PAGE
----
Josh Silver is encouraging Islanders who are building new houses to make informed decisions to make their future homes as energy-efficient as possible, starting before the shovel even hits the dirt.
Silver is a carpenter, as well as an instructor at Holland College, and has been taking CBC P.E.I. along on his personal quest to make improvements at his 12-year-old Charlottetown home, to save energy and money.
This summer, he is focusing on new home construction.
One of the tools in his toolbox is a free software program from Natural Resources Canada, called HOT2000.
“It’s a very powerful tool that’s helping me guide those decisions prior to swinging a hammer, buying any materials,” Silver said.
“HOT2000 is an energy simulation software and you build a model of the house as it relates to energy use,” said David Glennie, learning manager with the energy systems engineering technology program at Holland College.
“We can add things to it, take things away, simulate what it would be like if you were to put high-performance windows, triple glaze instead of double glaze, double the insulation in the walls or the attic, [or] change the size of the windows, the orientation of them.”
Silver said the software can also guide decisions around insulation, and what an investment upfront could save the homeowner annually in heating costs.
“I like to use it more for the kind of what I call the hidden aspects. Basically, what’s everything inside that wall? What kind of insulation did we use? What our roof pitch is, how high our ceilings are, how big the actual house is — can we reduce that?” Silver said.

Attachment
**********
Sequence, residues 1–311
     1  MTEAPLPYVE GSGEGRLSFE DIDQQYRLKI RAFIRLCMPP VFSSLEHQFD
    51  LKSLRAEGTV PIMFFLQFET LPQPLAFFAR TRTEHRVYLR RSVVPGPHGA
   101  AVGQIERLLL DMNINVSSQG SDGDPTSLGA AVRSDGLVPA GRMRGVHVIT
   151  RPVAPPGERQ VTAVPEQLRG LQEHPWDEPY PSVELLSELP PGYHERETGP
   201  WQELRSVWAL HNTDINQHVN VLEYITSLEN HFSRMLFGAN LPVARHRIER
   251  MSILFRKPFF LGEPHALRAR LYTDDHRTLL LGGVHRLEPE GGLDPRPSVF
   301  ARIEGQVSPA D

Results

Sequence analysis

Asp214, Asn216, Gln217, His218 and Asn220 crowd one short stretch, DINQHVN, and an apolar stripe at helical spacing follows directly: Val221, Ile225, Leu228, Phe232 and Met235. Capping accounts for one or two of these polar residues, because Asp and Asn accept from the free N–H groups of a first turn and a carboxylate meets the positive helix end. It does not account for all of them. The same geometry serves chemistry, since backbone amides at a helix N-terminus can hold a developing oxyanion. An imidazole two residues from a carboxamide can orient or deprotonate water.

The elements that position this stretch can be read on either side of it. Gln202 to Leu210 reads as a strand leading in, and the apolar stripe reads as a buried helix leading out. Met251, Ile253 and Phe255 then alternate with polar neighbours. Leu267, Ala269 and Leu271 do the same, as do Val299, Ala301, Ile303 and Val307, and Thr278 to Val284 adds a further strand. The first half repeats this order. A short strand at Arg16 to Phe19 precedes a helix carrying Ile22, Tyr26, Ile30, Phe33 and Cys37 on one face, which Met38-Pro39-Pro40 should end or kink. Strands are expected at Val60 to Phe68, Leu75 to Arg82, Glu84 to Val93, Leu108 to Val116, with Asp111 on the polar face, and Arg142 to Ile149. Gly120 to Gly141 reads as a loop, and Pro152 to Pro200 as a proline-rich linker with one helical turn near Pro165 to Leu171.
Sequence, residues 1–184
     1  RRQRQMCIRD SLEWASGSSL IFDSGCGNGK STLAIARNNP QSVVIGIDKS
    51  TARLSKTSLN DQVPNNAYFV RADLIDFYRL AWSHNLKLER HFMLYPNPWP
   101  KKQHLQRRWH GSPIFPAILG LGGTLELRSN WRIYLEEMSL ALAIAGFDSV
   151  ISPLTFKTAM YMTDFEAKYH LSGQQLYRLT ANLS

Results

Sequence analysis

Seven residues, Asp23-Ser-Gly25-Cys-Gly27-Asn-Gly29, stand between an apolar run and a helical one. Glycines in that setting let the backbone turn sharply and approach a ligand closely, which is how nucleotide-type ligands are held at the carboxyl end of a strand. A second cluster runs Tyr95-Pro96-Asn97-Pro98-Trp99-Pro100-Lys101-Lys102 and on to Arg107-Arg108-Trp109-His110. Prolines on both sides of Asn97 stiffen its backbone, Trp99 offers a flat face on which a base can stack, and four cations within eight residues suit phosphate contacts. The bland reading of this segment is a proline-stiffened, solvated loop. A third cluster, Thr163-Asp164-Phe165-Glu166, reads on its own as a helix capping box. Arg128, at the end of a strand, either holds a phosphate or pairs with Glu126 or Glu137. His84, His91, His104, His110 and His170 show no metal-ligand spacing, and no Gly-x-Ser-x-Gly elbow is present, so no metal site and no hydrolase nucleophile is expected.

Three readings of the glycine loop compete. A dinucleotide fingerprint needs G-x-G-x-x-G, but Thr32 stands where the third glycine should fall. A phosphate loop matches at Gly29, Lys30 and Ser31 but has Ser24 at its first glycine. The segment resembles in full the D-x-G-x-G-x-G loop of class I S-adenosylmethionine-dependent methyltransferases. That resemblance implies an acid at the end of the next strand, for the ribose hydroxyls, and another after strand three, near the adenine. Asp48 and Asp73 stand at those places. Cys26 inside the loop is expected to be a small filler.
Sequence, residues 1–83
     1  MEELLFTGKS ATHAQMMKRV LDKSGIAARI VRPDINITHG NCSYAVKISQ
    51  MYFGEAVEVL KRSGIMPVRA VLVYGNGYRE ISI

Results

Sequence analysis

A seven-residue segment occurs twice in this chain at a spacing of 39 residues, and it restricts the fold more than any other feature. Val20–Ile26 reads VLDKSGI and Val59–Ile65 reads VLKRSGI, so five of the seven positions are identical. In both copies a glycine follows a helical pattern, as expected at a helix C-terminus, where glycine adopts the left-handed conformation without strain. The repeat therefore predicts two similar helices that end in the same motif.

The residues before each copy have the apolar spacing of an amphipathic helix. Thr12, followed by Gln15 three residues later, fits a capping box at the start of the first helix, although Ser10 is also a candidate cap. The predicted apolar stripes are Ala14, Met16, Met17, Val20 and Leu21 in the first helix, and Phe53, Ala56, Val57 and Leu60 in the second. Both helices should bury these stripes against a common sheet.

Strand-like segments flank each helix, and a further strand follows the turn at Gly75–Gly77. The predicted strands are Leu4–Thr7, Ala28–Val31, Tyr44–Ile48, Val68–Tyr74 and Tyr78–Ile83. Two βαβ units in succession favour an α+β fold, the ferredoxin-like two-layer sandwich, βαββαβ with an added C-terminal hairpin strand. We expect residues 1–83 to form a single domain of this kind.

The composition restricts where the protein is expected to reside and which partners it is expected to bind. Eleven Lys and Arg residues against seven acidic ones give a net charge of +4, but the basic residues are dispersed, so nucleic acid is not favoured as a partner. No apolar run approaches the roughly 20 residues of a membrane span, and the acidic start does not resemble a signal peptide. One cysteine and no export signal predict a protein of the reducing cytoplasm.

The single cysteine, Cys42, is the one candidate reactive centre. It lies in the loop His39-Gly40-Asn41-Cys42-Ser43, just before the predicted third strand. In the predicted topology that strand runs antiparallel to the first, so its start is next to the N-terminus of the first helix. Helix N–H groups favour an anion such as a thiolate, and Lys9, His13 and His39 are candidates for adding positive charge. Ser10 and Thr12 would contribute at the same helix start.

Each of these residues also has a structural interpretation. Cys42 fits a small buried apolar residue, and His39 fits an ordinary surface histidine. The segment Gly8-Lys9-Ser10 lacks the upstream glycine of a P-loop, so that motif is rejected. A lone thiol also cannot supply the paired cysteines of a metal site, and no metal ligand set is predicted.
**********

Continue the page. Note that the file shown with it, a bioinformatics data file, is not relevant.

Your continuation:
“So the beauty of the software is we can model a house, and then we can kind of play with it, make different changes and say: ‘How much would that change the cost, and how much would that save me in the future?'”
Glennie said one of the best features of the software is that homeowners can keep modelling the house until they are satisfied with all of their energy decisions.
“You could change the parameters, and the physical characteristics, and the energy systems in the house to make it net zero, or even energy positive, meaning the house creates more energy than it uses,” Glennie said.
He noted that there are also energy audits designed specifically for new home construction.
“Things are easier to implement during the design stage than during construction — or especially after construction,” Glennie said.
“We can add solar panels to the model. We can even add a wind turbine and and figure out how much energy it produces and how much it would offset what the house uses.”
Silver said he has used the software himself, but recommends getting some help if you are not an energy-efficiency professional.
“I’m a carpenter that can swing a hammer very well, but any technology is a little scary to me. But I rely on professionals and I’m a big believer in the HOT2000 software,” Silver said.
“So you’re probably going to need someone that knows the software to help you. But it is absolutely worth every penny to look at your options and to explore those. It’ll tell you how much it’s going to cost; it’ll tell you how much it’s going to save.”
“A few little tweaks in your house can make a massive, massive difference,” Silver said.
“Keep in mind, that difference is over the lifetime of the house. So we’re not saving a few hundred dollars this year, or this month. We’re saving that over decades.”